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Why does Zimbabwe have such a high road death toll?

by Staff writer
16 Mar 2021 at 19:46hrs | Views
Road safety in Zimbabwe is such a major issue that it has attracted the attention of the United Nations. According to Zimbabwe's own numbers, around 2,000 people a year die on Zimbabwe's roads, but there have been other studies that have found this number to be significantly higher.



There are various factors that have led to such high death tolls, and each one will need to be addressed systematically in order to start bringing those numbers down. From issues with law enforcement to shockingly poor road conditions, there is so much which needs improving. In this article, we will look at the reasons behind Zimbabwe's road accident numbers and consider potential changes that can be made to help resolve the problem.

1. Poor Roads and Infrastructure

Decades of neglect and underfunding means that many of Zimbabwe's roads and other infrastructure like bridges and traffic lights are in very poor condition. Broken road surfaces, potholes, and obstacles in the road inevitably lead to more accidents. Many roads in Zimbabwe have no lights, reflectors, or markings which only increases the danger to drivers, passengers, and pedestrians. Following bad weather like heavy rains, the road conditions become particularly dangerous.In the capital Harare where potholes are a major issue, the number of fatal road accidents always increases in wet conditions. A national road restoration plan is already underway and improvements have been made, but there is still a long way to go.



2. Ineffective Law Enforcement

Corruption, underfunding and overstretching of law enforcement all play a major part in Zimbabwe's road death toll. Drivers who are caught speeding or driving drunk have been known to bribe officers to let them off. There are too few police officers to effectively patrol Zimbabwe's road networks and the officers that patrol are often overworked and underpaid. New recruits need to be found and effectively trained in order for law enforcement to be able to effectively police Zimbabwe's roads and help to reduce the death toll.

3. Unsafe Vehicles

In Zimbabwe, the Vehicle Inspectorate Department (VID) is solely responsible for checking whether vehicles are safe or not and for issuing driving licenses when they approve the vehicles. With so many clearly unsafe vehicles still driving on Zimbabwe's roads, the VID has been accused of taking bribes and issuing licenses for these vehicles. Part of the problem is that new cars are so expensive for many citizens of the country and so they have no choice but to drive what they can afford.

A government scheme to bring down the prices of new cars, as well as better management at the VID, could make a big difference to the accident numbers. The Director of the VID, Dr. Johannes Pedzapasi said in 2020 that measures were being taken to reduce the corruption so hopefully, these will have some effect because as can be seen below, Zimbabwe has vastly fewer vehicles than the majority of countries but a far worse road death toll. Unfortunately, Covid-19 has forced the closure of the VID so any reforms will have to wait. In the meantime, the country has to make do with what they have at the moment.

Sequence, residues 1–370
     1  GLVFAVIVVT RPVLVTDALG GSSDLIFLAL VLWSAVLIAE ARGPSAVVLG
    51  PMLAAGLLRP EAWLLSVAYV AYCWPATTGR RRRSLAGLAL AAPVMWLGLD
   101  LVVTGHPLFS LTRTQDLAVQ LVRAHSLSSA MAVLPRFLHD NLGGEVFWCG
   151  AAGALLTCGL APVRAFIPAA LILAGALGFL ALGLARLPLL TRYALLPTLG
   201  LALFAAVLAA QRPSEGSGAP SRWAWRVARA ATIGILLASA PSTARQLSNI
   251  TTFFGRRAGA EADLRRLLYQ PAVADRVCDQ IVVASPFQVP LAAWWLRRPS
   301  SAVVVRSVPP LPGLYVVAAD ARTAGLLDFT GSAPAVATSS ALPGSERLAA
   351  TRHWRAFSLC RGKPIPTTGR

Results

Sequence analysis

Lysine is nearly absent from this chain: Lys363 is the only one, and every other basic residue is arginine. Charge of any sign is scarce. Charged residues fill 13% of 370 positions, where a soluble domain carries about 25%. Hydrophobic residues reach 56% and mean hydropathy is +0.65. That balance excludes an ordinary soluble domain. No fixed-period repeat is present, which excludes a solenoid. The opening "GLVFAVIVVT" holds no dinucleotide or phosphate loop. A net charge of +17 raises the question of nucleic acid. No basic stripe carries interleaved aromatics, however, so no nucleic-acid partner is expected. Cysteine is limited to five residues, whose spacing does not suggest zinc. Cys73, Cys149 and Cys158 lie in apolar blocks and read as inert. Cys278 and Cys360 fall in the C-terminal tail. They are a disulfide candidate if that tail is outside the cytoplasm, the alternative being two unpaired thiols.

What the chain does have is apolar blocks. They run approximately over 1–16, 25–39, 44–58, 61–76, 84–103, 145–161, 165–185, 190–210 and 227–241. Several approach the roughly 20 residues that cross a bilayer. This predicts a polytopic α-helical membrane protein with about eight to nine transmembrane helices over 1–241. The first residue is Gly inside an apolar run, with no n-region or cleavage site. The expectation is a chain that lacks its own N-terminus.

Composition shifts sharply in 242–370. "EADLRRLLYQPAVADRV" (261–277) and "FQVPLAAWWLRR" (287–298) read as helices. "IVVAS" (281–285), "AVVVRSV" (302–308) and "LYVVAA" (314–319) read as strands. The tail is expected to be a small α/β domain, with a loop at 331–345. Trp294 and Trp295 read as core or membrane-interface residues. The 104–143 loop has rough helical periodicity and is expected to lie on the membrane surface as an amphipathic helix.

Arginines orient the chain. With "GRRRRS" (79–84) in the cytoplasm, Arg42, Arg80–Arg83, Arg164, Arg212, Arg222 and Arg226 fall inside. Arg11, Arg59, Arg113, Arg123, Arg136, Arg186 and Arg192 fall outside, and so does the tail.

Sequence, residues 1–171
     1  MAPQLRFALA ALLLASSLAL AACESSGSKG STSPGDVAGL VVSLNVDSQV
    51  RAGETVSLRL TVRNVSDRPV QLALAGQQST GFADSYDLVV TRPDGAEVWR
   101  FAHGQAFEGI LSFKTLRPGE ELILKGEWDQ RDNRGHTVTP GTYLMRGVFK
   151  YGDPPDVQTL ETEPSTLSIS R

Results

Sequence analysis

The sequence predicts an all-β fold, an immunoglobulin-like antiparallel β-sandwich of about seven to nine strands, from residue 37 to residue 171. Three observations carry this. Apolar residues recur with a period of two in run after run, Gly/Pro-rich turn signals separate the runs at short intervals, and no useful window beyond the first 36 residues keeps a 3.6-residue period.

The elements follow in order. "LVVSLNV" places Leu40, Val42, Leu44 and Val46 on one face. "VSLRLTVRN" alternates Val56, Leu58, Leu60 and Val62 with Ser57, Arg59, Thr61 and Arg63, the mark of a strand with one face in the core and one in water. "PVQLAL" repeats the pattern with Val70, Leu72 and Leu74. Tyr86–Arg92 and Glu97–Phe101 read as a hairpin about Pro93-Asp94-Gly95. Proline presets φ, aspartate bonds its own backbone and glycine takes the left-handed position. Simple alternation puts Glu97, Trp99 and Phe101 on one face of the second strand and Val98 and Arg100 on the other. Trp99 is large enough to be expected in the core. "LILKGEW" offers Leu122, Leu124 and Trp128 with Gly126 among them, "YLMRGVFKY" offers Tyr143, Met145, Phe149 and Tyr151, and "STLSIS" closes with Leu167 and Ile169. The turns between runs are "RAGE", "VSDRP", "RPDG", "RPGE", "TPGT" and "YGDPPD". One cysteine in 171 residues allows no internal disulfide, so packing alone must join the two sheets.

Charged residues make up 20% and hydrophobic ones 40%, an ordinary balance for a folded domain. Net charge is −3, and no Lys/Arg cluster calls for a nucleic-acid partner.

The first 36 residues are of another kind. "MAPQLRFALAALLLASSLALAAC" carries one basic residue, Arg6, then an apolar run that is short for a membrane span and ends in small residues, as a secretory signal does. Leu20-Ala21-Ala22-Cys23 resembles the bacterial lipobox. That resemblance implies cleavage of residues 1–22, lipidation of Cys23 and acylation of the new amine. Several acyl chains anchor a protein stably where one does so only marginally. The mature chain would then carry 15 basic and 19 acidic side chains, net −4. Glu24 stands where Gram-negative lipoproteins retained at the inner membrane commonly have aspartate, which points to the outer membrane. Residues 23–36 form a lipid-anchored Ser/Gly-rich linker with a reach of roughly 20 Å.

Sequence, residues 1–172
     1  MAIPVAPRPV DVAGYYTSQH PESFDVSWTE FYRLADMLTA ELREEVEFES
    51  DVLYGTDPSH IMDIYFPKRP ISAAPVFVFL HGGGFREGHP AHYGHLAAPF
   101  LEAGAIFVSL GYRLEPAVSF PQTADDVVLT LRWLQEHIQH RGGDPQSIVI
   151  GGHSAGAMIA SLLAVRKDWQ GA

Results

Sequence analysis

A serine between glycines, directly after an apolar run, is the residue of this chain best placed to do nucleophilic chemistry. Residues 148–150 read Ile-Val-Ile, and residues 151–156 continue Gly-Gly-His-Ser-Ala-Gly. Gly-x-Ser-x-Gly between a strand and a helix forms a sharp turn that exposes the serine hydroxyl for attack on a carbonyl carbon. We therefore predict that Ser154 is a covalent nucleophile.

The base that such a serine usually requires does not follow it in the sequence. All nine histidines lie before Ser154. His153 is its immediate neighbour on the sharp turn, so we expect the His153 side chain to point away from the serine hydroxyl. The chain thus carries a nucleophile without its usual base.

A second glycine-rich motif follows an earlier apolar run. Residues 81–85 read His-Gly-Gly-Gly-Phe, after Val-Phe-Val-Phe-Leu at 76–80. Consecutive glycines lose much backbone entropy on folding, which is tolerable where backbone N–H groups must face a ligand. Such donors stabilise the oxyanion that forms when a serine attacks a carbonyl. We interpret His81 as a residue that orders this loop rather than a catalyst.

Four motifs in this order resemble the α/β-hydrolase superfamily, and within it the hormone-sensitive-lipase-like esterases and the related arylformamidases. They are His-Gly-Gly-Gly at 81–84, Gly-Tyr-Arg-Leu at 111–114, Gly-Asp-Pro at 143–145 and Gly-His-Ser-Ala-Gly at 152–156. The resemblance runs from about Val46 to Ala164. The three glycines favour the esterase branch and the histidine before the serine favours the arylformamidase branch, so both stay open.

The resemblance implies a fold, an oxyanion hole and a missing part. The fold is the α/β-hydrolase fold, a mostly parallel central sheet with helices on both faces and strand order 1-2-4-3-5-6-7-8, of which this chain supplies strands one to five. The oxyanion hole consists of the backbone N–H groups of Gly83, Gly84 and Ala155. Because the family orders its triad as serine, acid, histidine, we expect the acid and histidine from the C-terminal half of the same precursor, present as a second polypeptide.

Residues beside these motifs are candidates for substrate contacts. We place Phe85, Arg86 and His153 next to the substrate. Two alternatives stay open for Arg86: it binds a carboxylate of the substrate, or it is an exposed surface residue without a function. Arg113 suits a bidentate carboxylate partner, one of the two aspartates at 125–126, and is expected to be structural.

4. Poor Road Safety Education

As well as poor law enforcement and corruption at the VID, there are also issues with Zimbabwean drivers themselves as many do not have a license and have never received any driving lessons. While police officers are supposed to check licenses, they can be bribed to turn a blind eye, and so there are many ill-educated drivers on badly maintained roads. This is clearly a recipe for disaster because of the lack of road safety and the country's death toll is a testament to this fact. Far more vigilance is needed in both road safety education and driving license enforcement.

5. Inefficient Emergency Medical Services

As well as issues in law enforcement, there are also major problems with emergency medical services that are exacerbating the situation. There are too few ambulances in Zimbabwe and those that are operational face the same poor conditions as other road users. Hospitals are underfunded, and particularly outside of the capital, are in conditions that mirror the roads.



More investment from top to bottom is needed in order to bring hospitals up to scratch and to increase the number of ambulances available. The Zimbabwean government has made pledges to address both problems but with Covid-19 taking up much of the hospitals' capabilities, progress has slowed at least for now.
With so many people dying each year on Zimbabwe's roads, it is so important that the country takes the right steps to address the problem. From improving road conditions to educating drivers about safe practices, each contributing factor needs to be identified and rectified. With hard work and the right investment from the Zimbabwean government, creating safer roads for the people of the country is undoubtedly achievable.


Source - Byo24News

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